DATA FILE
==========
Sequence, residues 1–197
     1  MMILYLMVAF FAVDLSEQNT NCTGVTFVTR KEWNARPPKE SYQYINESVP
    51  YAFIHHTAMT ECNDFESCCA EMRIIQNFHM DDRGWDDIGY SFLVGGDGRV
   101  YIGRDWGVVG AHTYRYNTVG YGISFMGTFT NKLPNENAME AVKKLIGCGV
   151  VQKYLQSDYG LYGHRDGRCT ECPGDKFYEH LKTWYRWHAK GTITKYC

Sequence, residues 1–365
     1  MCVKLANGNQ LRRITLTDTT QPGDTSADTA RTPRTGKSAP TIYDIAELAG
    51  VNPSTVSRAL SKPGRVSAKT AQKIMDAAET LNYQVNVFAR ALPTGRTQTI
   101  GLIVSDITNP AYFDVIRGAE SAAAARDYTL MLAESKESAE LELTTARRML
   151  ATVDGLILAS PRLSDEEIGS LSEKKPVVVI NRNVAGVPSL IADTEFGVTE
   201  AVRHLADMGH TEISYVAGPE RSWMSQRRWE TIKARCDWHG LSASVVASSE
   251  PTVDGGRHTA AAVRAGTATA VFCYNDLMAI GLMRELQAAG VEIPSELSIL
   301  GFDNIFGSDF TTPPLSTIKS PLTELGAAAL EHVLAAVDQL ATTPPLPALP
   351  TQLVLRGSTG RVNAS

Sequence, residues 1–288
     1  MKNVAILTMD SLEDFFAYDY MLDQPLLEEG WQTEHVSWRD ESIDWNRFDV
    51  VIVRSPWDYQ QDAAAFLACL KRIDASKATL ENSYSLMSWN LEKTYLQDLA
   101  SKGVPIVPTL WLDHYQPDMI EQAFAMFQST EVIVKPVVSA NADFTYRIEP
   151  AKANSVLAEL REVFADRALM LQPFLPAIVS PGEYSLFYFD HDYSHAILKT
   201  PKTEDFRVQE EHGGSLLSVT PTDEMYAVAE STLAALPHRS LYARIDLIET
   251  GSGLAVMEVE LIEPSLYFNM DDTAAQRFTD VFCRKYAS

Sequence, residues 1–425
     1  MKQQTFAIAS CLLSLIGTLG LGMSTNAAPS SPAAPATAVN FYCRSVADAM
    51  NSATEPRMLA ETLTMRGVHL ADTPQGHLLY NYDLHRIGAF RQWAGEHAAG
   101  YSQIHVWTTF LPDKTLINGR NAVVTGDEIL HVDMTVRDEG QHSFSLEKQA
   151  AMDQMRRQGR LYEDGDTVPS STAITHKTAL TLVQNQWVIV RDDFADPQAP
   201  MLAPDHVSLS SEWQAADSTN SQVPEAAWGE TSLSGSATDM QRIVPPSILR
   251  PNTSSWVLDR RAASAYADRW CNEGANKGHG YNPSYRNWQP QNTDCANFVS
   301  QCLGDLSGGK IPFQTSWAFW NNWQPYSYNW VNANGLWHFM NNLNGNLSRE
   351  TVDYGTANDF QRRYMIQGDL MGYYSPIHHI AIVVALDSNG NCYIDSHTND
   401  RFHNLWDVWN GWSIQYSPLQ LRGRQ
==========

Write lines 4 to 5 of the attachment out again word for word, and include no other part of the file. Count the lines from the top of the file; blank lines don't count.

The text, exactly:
   101  YIGRDWGVVG AHTYRYNTVG YGISFMGTFT NKLPNENAME AVKKLIGCGV
   151  VQKYLQSDYG LYGHRDGRCT ECPGDKFYEH LKTWYRWHAK GTITKYC